This week, things are getting all dystopian with Jamie Mollart’s new novel Kings of a Dead World, published by Sandstone Press. This fair and unbiased review was conducted with gratitude for the free copy of the book which I received from the author.
This review contains an affiliate link to Bookshop.org, which will earn me a small commission if used and will help to support independent bookshops.
In a city forced into hibernation for three months out of every four in order to combat the shortage of Earth’s resources, caretaker Petruzzi keeps watch over his sleeping charges. Within the city itself, elderly resident Ben struggles to feed himself and his ailing wife, whose mind is slipping away a little more every day. Both men will find themselves haunted by the ghosts of the past, as dissent foments in the populace and unease grows.
Switching between Petruzzi, Ben, and a mysterious third narrator from the past, Kings of a Dead World’s narrative is a well woven one. Mollart flits back and forth in time to show how the decisions and actions Petruzzi makes while Ben and his fellow citizens are sleeping impact on the city in its waking state, as well as showing how the events of the past led to the present day situation. Each of Ben and Petruzzi’s chapters open with what month it is, as well as the city’s status – awake or sleeping. Everything doesn’t so much hang together as slot into place seamlessly; a neat chain of cause and effect which occasionally coils in on itself for added flair.
The dead world of the title is extremely well-realised too – this is a setting that feels very much like our own world, taken further down a particularly horrifying track. The events leading up to this somnambulant society give Kings of a Dead World a cli-fi contemporaneity, with the chilling plausibility of many of the decisions the politicians and revolutionaries take really fleshing this out. The actions of a small and frighteningly determined terrorist cell – one which our third narrator is a key member of – take place in our own not-too-distant future, in a version of Britain that’s at breaking point and forced to make increasingly desperate decisions. News reports and the group’s own experiences of life in this disintegrating nation feel urgent and anxiety-inducing, events grounded enough in our own reality as to be believable.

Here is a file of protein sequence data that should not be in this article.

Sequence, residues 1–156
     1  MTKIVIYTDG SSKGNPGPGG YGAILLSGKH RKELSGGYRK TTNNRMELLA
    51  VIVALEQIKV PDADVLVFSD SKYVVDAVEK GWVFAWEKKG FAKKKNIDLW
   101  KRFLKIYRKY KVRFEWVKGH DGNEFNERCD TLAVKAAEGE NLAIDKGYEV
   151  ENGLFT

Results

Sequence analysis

There’s almost a horror movie vibe to Kings of a Dead World at times, a reading that’s borne out by the well developed tension-building, the moments of violence and the psychological thriller feel to some passages. There’s a simmering undercurrent of potentially explosive revelation and violence to everything, an urgency to even the most seemingly mundane events that means you’re never allowed to feel completely at ease when reading. As Petruzzi starts digging and begins to warily uncover more about the shadowy past of his world for himself, there’s a real sense that something is going to drop imminently, and it feels equally as likely to be a hammer as it does to be a penny.
With its frightening future Britain and original dystopian ideas, Kings of a Dead World feels both visionary and vital. Its literary merits also make it an easy recommendation for fans of the likes of Ben Smith’s Doggerland, Jim Crace’s The Pesthouse and J.G. Ballard.
Don’t sleep on this one.
Kings of a Dead World is out now, published by Sandstone Press. You can order a copy through this affiliate link.
3 thoughts on “Book Review: Kings of a Dead World, by Jamie Mollart”
[…] Ollie at Infinite Speculation has an intriguing sounding review of Kings of a Dead World by Jamie Mollart […]
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[…] Coming out of nowhere – literally – Jamie Mollart’s Kings of a Dead World turned up at work one day, and my manager very wisely passed it onto me, correctly assessing that it was very much my sort of thing. In the distant future, a pocket of humanity that has managed to survive the climate crisis clings to life thanks to The Sleep. For three months out of every four, the city goes into hibernation, its residents sedated, while caretakers watch over them and gamble on the markets to try and increase the populace’s meagre resources. Petruzzi is one such caretaker, diligent to the core, until one night a fellow caretaker encourages him to see what lies beyond the boundaries of the city. With his head full of the mysteries of the world of before, his story rushes headlong beside Ben’s; an ageing resident, he’s forced to watch his wife’s condition deteriorate as she succumbs to the illness plaguing her. With harrowing visions of the decline of civilisation that feel all too plausible, Kings of a Dead World is an incisive and propulsive dose of dystopian cli-fi. You can read my review here. […]
[…] of that rapidly expanding subgenre of speculative fiction then, joining the likes of Doggerland and Kings of a Dead World in the cli-fi camp. It’s shorter than even the fairly trim former title though, and less grand in […]